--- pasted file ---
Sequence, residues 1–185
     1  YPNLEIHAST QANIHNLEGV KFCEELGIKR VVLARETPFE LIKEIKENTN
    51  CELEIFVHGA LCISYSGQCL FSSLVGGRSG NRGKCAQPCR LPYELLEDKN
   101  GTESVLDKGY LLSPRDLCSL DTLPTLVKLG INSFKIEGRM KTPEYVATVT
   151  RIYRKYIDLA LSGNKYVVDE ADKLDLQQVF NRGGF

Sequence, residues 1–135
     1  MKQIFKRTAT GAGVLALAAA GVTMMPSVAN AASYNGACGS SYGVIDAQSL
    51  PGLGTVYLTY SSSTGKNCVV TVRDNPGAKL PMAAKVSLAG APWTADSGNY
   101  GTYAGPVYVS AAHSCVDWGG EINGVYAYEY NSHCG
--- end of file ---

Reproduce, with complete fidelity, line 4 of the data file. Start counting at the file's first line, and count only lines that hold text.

   101  GTESVLDKGY LLSPRDLCSL DTLPTLVKLG INSFKIEGRM KTPEYVATVT